The last 30 months have been the driest in California’s recorded history, dating back to 1895. If this trend continues, America will face not only higher food prices but also a paradigm shift in its agricultural infrastructure.
Currently, the Golden State produces almost half of all U.S.-grown fruits, nuts and vegetables. It grows over 200 different crops, some of which are grown nowhere else in the country. Its top earning exports are dairy products, grapes, almonds, greenhouse and nursery products, and cattle; and it produces almost all of the country’s almonds, apricots, olives, pistachios and walnuts. It also leads the nation in the production of avocados, lemons, peaches and strawberries.
With that lengthy grocery list to its name, California’s lack of water bodes ill for the country as a whole. It’s been 3 years of little to no rain for the state, which means no winter precipitation to refill its aquifers, no snowmelt from the mountains to refill the rivers, and no hope for farmers that are pumping their groundwater wells faster than they can be replenished. California farms soak up 80 percent of the state’s water supply and that supply is in sharper demand than ever.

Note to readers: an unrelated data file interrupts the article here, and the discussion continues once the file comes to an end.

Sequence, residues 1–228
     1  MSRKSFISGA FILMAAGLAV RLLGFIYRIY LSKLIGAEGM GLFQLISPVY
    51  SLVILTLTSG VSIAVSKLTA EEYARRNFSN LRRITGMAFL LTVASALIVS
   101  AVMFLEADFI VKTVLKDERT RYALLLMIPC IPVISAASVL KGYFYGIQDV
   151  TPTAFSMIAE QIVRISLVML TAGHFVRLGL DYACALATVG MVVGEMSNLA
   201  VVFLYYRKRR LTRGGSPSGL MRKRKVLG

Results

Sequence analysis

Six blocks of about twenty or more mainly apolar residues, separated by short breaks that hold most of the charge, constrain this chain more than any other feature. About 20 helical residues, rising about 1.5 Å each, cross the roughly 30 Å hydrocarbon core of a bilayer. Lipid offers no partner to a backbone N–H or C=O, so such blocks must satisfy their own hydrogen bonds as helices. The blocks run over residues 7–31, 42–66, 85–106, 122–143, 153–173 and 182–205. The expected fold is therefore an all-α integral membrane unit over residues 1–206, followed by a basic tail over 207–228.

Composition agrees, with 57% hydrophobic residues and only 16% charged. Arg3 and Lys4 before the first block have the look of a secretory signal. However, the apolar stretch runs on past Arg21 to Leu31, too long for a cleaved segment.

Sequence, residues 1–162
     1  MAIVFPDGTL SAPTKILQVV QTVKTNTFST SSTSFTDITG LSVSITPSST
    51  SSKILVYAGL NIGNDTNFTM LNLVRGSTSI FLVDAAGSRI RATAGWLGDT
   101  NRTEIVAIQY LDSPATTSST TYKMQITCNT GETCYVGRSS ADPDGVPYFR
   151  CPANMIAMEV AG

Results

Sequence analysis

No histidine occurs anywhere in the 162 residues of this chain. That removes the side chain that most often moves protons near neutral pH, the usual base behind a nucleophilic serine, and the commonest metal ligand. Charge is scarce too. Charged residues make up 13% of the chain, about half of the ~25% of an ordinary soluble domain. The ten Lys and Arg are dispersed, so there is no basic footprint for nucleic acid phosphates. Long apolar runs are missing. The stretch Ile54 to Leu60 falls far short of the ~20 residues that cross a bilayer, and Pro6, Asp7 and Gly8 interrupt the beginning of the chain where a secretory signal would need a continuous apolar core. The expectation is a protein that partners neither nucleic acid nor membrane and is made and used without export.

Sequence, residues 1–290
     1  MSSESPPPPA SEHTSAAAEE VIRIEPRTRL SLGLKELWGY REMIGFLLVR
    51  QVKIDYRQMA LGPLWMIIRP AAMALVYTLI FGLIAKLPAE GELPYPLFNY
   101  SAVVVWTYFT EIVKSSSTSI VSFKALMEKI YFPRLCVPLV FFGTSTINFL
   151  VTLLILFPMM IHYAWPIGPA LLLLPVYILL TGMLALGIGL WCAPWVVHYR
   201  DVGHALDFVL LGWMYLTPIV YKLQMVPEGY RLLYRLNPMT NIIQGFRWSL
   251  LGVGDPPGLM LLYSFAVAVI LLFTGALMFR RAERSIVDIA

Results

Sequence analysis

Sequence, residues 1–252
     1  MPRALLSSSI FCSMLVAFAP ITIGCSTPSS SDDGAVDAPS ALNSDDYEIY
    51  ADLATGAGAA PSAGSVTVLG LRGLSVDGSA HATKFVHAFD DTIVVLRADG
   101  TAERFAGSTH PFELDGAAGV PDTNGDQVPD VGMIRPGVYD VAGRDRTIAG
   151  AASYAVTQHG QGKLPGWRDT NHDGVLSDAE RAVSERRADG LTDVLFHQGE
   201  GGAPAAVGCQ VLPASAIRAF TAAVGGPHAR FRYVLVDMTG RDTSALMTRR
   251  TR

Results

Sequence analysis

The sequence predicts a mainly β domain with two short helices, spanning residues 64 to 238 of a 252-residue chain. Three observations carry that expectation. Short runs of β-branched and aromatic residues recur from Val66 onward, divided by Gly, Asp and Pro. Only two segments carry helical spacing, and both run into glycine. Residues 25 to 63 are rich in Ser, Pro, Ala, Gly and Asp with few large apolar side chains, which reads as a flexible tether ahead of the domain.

B. Lynn Ingram, a paleoclimatologist, says the water may never return in the volumes farmers need. In her book, The West Without Water, Ingram explains that the twentieth century was a much wetter one than its historical average. She predicts that California will experience 15 percent less precipitation than before, with climate change exacerbating the problem.
Also exacerbating the problem is the high demand for nuts that’s recently swept the nation. Big finance firms have devoted acres upon acres to nut farming, which sucks up more water than other crops (one almond requires one gallon of water to grow) and reduces acreage for lower-value row crops like cotton, rice and vegetables.
If California receives less water over the coming decades, it will drive up the prices of existing crops and shrink the amount of crops it can produce overall. Planting in alternative regions such as the Midwest would require a complete overhaul in its agricultural infrastructure, as the region’s climate and farms primarily grow grains intended for livestock.